We watched this movie last night for the first time. I have wanted to see it ever since it came out and even more so since my darling friend gave it to me for Christmas. I thought it was great!

The story is about fire-fighter Caleb Holt and his wife, Katherine. They have a crumbling relationship that is getting explosive. (Kirk Cameron throws a hissy fit with ease.) Caleb is a good firefighter who longs for 'respect' from his wife; but his actions often do not call for respect. Both parties in this marriage are in the wrong (Katherine is letting another man beguile her). Both are selfish, which causes great friction and discontent.

The side story is Katherine's great love for her parents and her desire to get her incapacitated mother new and better medical supplies. This aspect is cleaverly drawn into and helps decide the outcome of the film.

Caleb complains to his dad, who challenges him hold off on divorce for 40 days--to take the 'Love Dare'. Caleb agrees, more to please his dad (a Christian) than anything really--he does want to save his marriage, but for all the wrong reasons. Halfway through the 'Love Dare', which up to this point had been performed obligatorily, Caleb comes to see his sin, his fallenness, and his need for redemption. (I thought this scene well done and not too preachy nor sappy.) With his new understanding of love and what it really is, Caleb sets his face to defeat his selfishness and win back the heart of his wife. She continues to rebuff him.

I won't say how exactly it ends...other than there is eventual reconciliation and the ending is a beautiful picture of forgiveness and peace within.

This is a movie with very serious themes. They are handled with due seriousness. However, at the same time, there are moments of laugh out loud humor. Two side characters in particular provide comic relief to ease the rage and sorrow.  For an indie movie the acting is supurb (of course, if I remember correctly, Kirk Cameron is a professional actor.)

As just a insignifanct side note...I noticed that several times throughout the movie, there was the same piece of music that was in 'Facing the Giants'. Its a piece of music with a hymn (which I cannot remember the name of!) worked into it. It must be Sherwood Pictures theme music or some :)


The subtitle is as follows: Florida's Contribution to the Confederacy. The author is Robert A. Taylor. As with a vast majority of books written on the 'Civil War', it has the usual slave-slant. I will freely admit that this aspect could have been worse and that he was right that slaves were laborer's for the South during the War. However, I won't go any farther into that subject. (At least he never claimed that slavery was the cause of the war--which it was not.)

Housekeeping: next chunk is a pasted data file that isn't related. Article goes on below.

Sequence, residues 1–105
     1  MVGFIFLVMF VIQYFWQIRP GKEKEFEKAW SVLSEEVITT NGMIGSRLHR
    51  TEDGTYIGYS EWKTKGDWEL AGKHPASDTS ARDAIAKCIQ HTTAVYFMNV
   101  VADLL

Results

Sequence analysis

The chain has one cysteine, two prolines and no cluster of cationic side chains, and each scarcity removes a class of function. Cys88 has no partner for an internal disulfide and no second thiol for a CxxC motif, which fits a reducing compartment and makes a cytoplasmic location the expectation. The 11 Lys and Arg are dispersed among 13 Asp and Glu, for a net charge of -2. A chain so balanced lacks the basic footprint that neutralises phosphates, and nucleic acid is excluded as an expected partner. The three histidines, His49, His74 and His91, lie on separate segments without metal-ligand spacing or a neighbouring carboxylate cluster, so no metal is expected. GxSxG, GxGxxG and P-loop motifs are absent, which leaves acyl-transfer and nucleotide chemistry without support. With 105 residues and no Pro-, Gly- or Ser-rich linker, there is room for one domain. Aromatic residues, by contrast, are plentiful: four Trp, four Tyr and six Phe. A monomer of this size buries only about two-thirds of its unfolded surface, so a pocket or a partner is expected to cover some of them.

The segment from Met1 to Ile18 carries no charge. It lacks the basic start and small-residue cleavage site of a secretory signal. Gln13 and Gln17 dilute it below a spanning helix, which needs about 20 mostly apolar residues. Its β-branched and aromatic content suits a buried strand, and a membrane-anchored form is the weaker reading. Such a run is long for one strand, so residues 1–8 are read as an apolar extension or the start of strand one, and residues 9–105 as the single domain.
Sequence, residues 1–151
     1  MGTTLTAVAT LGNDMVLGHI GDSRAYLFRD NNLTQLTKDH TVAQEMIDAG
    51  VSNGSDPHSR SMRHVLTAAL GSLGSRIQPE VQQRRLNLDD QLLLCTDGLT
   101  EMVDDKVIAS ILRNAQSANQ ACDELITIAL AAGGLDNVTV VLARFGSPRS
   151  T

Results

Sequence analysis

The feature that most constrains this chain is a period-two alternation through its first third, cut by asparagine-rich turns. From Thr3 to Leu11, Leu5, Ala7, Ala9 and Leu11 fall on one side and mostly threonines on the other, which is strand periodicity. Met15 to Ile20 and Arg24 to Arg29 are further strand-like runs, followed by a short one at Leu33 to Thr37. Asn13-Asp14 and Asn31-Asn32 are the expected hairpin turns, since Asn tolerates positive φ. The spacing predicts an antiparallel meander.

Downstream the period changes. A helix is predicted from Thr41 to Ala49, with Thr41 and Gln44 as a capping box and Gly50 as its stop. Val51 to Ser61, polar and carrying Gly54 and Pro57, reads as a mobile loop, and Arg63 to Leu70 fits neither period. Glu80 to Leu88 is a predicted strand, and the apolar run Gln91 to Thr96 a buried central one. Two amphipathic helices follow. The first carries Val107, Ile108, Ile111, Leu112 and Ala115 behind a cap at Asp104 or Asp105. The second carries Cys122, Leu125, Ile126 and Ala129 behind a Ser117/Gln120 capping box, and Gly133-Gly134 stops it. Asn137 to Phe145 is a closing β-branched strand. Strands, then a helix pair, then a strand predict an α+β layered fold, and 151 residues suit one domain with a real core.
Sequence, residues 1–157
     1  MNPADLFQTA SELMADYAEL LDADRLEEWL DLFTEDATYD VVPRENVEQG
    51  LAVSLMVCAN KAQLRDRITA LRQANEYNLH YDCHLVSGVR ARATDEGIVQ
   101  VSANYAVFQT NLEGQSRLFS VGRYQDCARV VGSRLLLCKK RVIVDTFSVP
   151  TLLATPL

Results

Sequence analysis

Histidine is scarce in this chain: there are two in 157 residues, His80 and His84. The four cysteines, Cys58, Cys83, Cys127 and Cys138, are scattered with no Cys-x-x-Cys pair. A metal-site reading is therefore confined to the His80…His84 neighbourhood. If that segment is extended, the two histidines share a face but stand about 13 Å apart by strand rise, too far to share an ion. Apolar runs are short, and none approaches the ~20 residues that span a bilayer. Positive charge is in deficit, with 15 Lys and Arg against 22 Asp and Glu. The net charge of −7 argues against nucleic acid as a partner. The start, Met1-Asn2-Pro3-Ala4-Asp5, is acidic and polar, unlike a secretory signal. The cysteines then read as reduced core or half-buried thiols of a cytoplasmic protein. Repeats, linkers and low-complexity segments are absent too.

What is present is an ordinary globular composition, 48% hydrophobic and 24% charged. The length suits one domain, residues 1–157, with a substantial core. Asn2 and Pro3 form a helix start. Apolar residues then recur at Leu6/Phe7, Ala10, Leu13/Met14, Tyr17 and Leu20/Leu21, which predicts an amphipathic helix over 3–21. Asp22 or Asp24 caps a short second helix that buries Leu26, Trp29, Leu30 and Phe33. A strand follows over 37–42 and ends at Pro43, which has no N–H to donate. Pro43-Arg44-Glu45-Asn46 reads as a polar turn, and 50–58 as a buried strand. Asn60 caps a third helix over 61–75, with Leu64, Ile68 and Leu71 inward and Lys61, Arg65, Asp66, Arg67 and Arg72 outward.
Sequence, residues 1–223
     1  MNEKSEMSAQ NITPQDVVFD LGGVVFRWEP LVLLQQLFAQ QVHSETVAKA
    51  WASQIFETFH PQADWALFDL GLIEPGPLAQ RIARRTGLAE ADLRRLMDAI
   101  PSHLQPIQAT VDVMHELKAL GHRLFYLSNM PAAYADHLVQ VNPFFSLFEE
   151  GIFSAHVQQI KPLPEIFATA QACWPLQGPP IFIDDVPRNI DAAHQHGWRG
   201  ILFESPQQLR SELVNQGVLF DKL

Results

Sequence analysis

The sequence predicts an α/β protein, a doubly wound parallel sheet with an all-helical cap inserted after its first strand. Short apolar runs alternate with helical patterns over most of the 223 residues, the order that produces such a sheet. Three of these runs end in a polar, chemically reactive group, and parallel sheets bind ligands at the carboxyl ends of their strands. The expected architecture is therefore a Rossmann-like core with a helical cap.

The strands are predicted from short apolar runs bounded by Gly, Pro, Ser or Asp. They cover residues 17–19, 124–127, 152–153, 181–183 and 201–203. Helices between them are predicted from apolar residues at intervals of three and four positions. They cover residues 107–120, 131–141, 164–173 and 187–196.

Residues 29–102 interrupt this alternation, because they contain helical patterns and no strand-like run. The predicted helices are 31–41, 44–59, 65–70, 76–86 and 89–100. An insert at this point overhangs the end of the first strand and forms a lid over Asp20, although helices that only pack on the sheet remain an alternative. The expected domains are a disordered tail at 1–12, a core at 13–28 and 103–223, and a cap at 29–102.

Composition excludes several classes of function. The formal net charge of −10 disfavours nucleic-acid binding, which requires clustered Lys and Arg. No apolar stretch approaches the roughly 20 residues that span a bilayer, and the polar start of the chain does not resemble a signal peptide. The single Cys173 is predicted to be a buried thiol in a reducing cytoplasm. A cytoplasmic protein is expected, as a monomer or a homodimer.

Other than that, Mr. Taylor managed to come to his topic from a fairly neutral position. Starting with the economic boom of the 1850's, he sets the stage for the economic disaster of the 1860's. I learned that North Florida held fairly prosperous cotton and tabacco farms. Also, they exported lumber, turpentine, fish, and other natural resources both before and during the war.

After the start of the war, salt was the biggest export. By the end of the war, beef was second only to salt. Since I am doing a documentary on the Cow Cavalry, the beef part of the book was what I was most interested in. Mr. Taylor clearly outlined the immense need for beef, the Confederate struggle to provide enough, and the Yankee attempts to interupt the flow of the beef traffic (as well as all other goods going north into Georgia, Alabama, South Carolina, and as far north as Virginia.)

He closes the book by talking about the Federal troops stationed in Florida and how they helped the Union victory. However, these troops never quite suceeded in obtaining their goal. For instance, almost as soon as they destroyed a salt-making camp, it would spring back up and continue operation. Or, they'd clean out a fishing camp only to have the fishermen return and go back to work.

Without Florida the Confederate States of America would  have had to capitulate long before they did--simply because they were starving. I also found it interesting that Andersonville Prison was supplied with Florida beef as well. Of course, they weren't the main priority, but in reality, they Federal troops imprisoned in Andersonville didn't really fare much worse than the common Confederate soldier. (Excepting of course the fact that they were incarcerated.)

Rebel Storehouse has as an appendix a circular prepared by Major Pleasant W. White, Florida's Chief Commissary Agent. I found this document to be of the utmost interest. In it he pleads for the people of Florida to rally around the cause, to look to the future. While he fully understood that times were tough and nearly everyone was in bad straights, he was asking for a further tightening of the belt for a future victory and prosperity. It was quite an interesting read.

One final note on the book...I kind of expected it to be rather dry. It wasn't. While certainly not exciting like a novel, Mr. Taylor has an engaging writing style that holds your attention (so long as you aren't hungry or really sleepy :) )

I give this book a 5-star rating.


I have never been very good at writing book or movie reviews, but I am going to attempt to give it a shot on this page. Of course, I won't review every book I read or every movie I see. I'll attempt to be clear without very many 'spoilers'. (I don't know about you, but I like suprises.) So, here goes!